Space Exploration: thoughts

Discussion in 'Community Discussion' started by MartinS3X, Dec 9, 2010.

  1. MartinS3X macrumors member

    Joined:
    Mar 10, 2009
    Location:
    South Texas
    #1
    Just curious on everyone else's thoughts on the topic of Space exploration. Too costly? Not enough money spent? Im writing a paper about it, and just needed a fresh perspective on the topic. Thanks
     
  2. iJohnHenry macrumors P6

    iJohnHenry

    Joined:
    Mar 22, 2008
    Location:
    On tenterhooks
    #3
    Might just as well send a May fly.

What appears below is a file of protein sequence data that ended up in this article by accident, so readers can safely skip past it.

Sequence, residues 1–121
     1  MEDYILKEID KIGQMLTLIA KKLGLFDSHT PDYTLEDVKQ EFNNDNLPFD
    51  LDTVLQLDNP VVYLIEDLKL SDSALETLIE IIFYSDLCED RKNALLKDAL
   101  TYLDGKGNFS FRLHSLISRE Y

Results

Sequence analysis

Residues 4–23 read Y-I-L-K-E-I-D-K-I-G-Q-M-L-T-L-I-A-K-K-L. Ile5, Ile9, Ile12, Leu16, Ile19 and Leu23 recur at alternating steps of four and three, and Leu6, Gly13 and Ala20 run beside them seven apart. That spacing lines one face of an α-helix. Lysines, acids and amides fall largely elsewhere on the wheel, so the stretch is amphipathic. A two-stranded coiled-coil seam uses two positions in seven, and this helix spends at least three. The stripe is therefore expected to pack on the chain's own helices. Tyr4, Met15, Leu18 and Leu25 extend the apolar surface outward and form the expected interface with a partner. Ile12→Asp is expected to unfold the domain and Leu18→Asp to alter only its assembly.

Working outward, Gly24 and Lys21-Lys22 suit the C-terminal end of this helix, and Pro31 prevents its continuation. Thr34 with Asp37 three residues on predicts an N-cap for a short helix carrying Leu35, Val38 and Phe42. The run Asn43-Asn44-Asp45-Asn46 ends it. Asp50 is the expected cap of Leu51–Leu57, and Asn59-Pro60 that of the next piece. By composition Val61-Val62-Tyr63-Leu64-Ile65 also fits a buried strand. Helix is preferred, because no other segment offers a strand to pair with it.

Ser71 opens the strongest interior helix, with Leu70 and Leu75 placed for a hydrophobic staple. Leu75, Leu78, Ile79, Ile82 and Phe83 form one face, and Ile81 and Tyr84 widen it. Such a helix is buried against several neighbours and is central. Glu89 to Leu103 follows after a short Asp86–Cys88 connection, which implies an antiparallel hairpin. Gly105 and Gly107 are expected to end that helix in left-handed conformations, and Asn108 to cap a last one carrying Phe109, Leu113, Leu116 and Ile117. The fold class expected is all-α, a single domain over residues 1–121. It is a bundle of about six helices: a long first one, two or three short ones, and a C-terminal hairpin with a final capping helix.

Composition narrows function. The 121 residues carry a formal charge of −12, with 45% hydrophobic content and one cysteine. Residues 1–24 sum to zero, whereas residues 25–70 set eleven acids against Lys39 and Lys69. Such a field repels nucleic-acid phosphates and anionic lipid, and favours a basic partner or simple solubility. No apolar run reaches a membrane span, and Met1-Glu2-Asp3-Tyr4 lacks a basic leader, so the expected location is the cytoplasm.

They live for an Earth Day. We live for a Universe Day ;)
     
  3. glocke12, Dec 9, 2010
    Last edited: Dec 9, 2010

    glocke12 macrumors 6502a

    glocke12

    Joined:
    Jan 7, 2008
    #4
    As someone who barely remembers Apollo 17, I grew up thinking that by the time I was in my 50's (I am 43) we would have a robust space exploration program and would probably have at the very least a colony or science station as a permanent fixture on the moon.

    Obviously this isn't going to happen for any number of reasons that range from cost, bad P.R., and the fact that there is not any real reason to be there except as a possible testing ground for a manned mission to Mars.

    Personally I think not enough money is spent on space exploration, methods of transportation, etc.

    The research that goes into space exploration also benefits earthbound humans as the discoveries generated by that science trickles down to the consumer (think Tang!).